Barbie was the "Ambassador of Friendship" and a video tape with excerpts from her 20-minute stage show at the American Gardens Theater in front of the American Adventure could be purchased from Mattel for a penny with the purchase of specially marked Barbie dolls.

Barbie arrived at her show in the LiMOUSEine that was painted pink with metallic sparkles and included Barbie memorabilia inside. Devoted fans could meet both Ken and Barbie and have their pictures taken with them outside the car.

The show ended May 11, 1995, and was replaced by what Disney publicity called "flextainment", flexible entertainment with street performers that supposedly fit in more appropriately with the area's image.

With another paint job, the limo reappeared driving down Main Street U.S.A. at the Magic Kingdom for Walt Disney World's 25th anniversary in 1996.

It then ended up in the "boneyard" of Disney-MGM Studios Backlot Tour for awhile and was eventually placed in storage.

I have no idea if it still exists or where it is today. I am grateful I did get to see it in its prime, although I didn't get a chance to closely examine it.

Perhaps some MousePlanet readers have some memories to share in the comment section about this fabulous limo.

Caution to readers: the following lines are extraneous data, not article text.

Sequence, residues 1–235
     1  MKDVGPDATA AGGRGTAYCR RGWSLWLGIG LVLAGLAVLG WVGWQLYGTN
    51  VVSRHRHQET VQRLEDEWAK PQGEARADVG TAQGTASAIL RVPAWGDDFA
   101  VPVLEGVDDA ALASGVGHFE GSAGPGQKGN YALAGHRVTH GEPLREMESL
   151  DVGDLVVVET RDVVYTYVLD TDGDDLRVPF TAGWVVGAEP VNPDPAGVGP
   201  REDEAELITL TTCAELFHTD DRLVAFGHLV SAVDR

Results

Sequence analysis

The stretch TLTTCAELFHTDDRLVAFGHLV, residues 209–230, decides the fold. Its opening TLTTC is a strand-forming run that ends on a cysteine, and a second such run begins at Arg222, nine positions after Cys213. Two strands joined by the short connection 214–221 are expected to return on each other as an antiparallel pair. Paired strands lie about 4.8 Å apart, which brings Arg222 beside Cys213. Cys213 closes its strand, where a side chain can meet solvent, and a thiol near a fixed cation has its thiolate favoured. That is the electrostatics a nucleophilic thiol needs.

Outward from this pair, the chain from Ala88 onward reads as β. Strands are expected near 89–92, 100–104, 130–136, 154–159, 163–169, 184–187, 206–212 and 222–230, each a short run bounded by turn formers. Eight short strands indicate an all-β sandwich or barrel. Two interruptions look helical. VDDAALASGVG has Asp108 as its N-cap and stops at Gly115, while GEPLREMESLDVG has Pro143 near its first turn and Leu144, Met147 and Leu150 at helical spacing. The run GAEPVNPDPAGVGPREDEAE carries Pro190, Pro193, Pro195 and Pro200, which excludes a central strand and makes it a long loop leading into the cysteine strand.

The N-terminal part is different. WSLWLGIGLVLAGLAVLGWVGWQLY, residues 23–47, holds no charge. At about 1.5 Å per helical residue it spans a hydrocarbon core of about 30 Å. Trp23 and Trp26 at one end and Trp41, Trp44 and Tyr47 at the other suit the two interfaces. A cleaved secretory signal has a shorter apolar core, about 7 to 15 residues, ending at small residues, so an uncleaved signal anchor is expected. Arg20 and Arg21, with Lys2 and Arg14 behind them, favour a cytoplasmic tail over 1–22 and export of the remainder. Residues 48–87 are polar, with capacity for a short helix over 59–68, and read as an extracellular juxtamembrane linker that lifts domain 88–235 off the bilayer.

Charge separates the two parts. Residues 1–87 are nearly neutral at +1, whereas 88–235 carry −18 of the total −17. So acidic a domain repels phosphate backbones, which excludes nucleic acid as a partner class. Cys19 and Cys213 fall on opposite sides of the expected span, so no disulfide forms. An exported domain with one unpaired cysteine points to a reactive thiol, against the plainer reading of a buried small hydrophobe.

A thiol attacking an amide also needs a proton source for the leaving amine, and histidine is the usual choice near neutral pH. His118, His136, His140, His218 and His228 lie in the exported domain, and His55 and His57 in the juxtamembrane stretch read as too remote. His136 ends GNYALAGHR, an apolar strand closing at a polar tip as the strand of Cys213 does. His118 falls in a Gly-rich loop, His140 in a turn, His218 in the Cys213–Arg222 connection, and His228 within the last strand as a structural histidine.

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(Send an email to Jim Korkis)

Jim Korkis grew up in the Los Angeles area and since the age of five was a frequent visitor to Disneyland. He was an original member of both the Mouse Club and the National Fantasy Fan Club. He attended all the local conventions where he had the opportunity to interview many of the people who actually worked with Walt Disney. Jim describes his house as looking like "a toy shop and a bookstore exploded and I decided to live in the remains". For over two decades, he has been a freelance writer and a teacher and for a while was a dealer in animation artwork and related resources. His columns concentrate on sharing stories of Disney history that haven't been recorded elsewhere.

From 2006 to 2010, Jim wrote under the pseudonym of Wade Sampson. He finally revealed his true identity in September of 2010. Those articles can be found here.